The big technical talking points so far this year are sidepod designs, vortices, porpoising and the impact of those things on performance. Ferrari and Aston Martin are probably at the extreme opposite end of the spectrum both in terms of concept and performance.
The sidepod design and performance, or lack thereof, are related. But the question is whether it’s possible to fix this without a complete redesign. It is, but it might be tough to do so.
When the Ferrari was launched, I said I didn’t understand its sidepod design as it didn’t appear to ‘join up’ in the middle.
In my defence, to some degree neither did eight other teams because, save for Haas, everyone has gone for a more ‘connected’ and flowing design.
In total, that’s probably the judgement of something like 800 people spread across those teams that could influence the sidepod design. But now I have a better understanding of what Ferrari was trying to achieve, successfully it seems.
To illustrate this, we have ‘cut’ a horizontal section through the Ferrari and the Aston Martin in the undercut area (red line).
This profile is pretty close to the sidepod undercut outer surface. It is looking down on the car, so you can see the floor profile, the rear half of the front tyre and the front half of the rear tyre.
Ferrari has a sidepod leading-edge design that generates much more outwash than Aston Martin. This is indicated by the blue arrows.
Other teams, except perhaps Haas (interestingly given its Ferrari links), have varying degrees of outwash, but no one has as deep an undercut running through the sidepod from front to back as Aston Martin.
The Ferrari sidepod and underfloor leading edge is further rearward than on the Aston Martin, giving a little more space between it and the rear of the front tyre. This will reduce the effect of the turbulent wake behind the front tyre.
Also, Ferrari’s outer splitter – or bargeboard replacement vane as it can be called – is much shorter. This means that the inlet to the underfloor is not so defined.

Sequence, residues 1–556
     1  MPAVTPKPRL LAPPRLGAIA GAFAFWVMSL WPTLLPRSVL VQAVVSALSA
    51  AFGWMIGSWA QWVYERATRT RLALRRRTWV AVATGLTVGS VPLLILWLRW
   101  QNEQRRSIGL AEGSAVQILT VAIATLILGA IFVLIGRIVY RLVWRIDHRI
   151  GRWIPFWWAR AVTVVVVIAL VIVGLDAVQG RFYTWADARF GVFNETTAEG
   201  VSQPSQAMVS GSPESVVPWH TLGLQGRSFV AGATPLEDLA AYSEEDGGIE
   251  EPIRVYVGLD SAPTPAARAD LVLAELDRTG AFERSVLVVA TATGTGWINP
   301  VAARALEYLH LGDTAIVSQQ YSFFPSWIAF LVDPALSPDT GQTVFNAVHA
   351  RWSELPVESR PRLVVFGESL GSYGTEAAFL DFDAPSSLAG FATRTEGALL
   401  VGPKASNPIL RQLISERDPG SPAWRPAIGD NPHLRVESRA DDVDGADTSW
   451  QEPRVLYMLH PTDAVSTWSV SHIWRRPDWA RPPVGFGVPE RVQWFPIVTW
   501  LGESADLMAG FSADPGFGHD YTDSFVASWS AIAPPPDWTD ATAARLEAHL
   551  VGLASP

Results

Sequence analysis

If this vane was to be able to run forward to the trailing edge of the tyre, its position would be critical. Leaving a little more space allows the airflow being fed to the underfloor to sort itself out and it will be less critical when the steering angle is increased for slow corners.
What ‘sorting itself out’ means is that these areas are all working at different pressures, be it the flow going under the floor, through the sidepod undercut or even into the radiator duct.
If you define it too tightly then you are modifying that flow and when conditions change – due to turbulence from another car, a crosswind or just the front wheels being steered – then one of these areas will suffer and that can cause problems. If it’s the flow to the underfloor because of the steered front wheels, it can easily lead to understeer.
Because of this, Ferrari generates a much stronger vortex running down the side of the floor (yellow arrows). Aston Martin still generates the vortex but is more reliant on sophisticated turning vanes setting them up than the true brute force of the outwash.
Ferrari also has a cutout on the floor to allow the tyre squirt, which is being forced around the side of the tyre as it rotates onto the track surface, to pull those vortices into this opening. This gives a small cushion of air between the outer foot of the floor further rearward and the track surface, reducing porpoising.
The Ferrari sidepod doesn’t have much of an undercut at its widest point (green arrows), whereas the Aston Martin has a very deep undercut. Some people even called it a double floor when it was first released.